The board's finding is supported by the record and is thus not unreasonable or unlawful.

In its final proposition of law, appellant argues that it was denied equal protection of the laws and due process of law by unlawfully being denied tax exemption. Appellant makes no separately cognizable constitutional claim, but states generally that if its allegations of an erroneous tax determination are true, then that amounts to a constitutional claim that it was singled out for disproportionate tax treatment. This argument is without merit.

Accordingly, we affirm the decision of the Board of Tax Appeals.

Decision affirmed.

CELEBREZZE, C.J., SWEENEY, LOCHER, HOLMES and DOUGLAS, JJ., concur.

C. BROWN and WRIGHT, JJ., dissent.

WRIGHT, J., dissenting. The majority opinion undermines the well-established and well-reasoned law of this state regarding the taxation of those entities which render a "public utility service" pursuant to R.C. 5739.01(E) and (Q).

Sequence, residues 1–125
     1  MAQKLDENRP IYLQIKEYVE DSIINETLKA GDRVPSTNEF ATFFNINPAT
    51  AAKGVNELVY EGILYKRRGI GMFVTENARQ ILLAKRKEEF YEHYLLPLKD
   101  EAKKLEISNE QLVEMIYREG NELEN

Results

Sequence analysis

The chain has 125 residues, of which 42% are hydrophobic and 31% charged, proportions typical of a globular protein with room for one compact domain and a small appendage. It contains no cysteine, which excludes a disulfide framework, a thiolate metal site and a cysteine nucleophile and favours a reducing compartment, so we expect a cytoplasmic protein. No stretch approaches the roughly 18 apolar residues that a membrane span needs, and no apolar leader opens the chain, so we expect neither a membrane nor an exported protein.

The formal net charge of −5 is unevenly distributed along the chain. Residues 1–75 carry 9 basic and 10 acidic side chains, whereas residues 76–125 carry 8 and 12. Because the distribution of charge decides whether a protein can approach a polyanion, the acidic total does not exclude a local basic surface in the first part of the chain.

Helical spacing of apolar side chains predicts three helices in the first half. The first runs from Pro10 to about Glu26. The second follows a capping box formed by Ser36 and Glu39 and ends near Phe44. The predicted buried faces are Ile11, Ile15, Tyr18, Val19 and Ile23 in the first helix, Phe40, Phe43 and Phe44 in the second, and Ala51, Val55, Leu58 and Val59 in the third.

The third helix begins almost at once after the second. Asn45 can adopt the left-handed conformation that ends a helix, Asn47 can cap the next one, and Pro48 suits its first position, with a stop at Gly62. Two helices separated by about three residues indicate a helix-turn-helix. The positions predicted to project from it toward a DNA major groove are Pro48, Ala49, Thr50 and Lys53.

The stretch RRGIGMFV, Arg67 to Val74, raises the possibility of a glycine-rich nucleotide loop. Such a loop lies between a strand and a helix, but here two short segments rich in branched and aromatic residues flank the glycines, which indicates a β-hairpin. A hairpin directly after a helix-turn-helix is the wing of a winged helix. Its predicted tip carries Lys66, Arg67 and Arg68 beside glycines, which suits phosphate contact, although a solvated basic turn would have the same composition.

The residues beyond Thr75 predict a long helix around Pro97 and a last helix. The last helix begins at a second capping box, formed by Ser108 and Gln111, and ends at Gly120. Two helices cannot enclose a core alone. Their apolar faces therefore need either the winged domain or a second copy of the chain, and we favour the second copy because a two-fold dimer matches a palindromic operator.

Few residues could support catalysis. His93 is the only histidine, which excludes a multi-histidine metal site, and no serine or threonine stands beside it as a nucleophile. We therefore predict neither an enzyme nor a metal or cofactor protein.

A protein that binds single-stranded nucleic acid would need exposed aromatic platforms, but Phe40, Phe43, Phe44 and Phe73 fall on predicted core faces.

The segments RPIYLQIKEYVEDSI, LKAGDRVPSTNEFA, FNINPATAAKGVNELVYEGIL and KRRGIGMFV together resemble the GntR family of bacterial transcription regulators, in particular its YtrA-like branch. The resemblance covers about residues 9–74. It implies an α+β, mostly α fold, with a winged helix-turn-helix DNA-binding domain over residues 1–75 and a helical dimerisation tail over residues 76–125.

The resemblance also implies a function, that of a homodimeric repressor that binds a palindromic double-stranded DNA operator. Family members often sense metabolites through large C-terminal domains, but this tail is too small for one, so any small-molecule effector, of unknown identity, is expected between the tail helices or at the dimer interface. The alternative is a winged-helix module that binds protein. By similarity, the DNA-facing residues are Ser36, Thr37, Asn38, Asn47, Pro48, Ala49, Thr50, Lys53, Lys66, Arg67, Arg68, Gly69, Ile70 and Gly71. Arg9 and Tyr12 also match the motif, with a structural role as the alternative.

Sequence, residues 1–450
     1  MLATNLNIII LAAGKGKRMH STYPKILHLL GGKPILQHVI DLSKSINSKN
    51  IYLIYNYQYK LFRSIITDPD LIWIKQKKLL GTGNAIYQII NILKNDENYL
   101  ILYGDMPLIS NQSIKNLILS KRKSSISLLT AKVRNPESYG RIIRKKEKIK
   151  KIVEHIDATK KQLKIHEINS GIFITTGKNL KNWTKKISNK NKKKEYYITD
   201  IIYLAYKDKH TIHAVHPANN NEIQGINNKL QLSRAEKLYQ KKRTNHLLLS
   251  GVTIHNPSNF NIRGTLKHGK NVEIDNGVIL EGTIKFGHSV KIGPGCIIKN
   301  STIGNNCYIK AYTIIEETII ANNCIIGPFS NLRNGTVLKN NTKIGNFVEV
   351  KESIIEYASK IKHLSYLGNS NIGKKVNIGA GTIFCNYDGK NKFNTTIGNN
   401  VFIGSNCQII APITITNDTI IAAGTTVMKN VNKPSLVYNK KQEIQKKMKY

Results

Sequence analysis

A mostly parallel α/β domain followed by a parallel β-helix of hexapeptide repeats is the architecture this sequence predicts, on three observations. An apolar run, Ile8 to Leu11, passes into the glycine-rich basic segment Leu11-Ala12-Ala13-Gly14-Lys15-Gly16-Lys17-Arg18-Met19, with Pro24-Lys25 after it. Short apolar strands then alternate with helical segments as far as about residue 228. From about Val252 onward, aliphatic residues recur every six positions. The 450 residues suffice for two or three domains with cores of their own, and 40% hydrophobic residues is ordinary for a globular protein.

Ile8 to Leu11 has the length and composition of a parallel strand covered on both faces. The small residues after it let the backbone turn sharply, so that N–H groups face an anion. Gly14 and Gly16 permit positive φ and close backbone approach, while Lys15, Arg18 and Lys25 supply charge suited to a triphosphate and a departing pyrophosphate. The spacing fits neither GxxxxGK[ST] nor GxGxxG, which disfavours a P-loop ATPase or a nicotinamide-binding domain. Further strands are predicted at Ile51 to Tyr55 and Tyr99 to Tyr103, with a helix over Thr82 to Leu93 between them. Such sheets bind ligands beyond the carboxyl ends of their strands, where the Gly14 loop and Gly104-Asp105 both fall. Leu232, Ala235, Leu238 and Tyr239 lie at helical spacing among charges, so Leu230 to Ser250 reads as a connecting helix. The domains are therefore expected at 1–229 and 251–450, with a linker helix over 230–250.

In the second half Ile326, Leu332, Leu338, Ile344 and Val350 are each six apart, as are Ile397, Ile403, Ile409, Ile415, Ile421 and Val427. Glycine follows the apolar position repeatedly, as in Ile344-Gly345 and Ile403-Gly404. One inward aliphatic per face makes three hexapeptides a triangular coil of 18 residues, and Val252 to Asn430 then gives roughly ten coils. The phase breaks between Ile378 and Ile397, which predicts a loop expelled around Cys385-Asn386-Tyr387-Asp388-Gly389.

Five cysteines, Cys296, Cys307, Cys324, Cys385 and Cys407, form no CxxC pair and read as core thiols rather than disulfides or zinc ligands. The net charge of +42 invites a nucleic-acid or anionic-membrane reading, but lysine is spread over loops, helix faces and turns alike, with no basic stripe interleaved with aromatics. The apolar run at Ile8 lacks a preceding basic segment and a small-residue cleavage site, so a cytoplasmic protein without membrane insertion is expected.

Over a quarter of a century ago, this court established in Apex Powder Corp. v. Peck (1954), 162 Ohio St. 189 [55 O.O. 95], that it is the nature of the use of the property at issue and not the status of the one using it that is determinative of the applicability of the sales and use tax exemption. Accordingly, an entity need not be a public utility to qualify for the exemption so long as it uses the property in the rendition of a public utility service. This holding was reaffirmed in State, ex rel. Paul Stutler, Inc., v. Yacobucci (1959), 169 Ohio St. 20 [7 O.O.2d 487].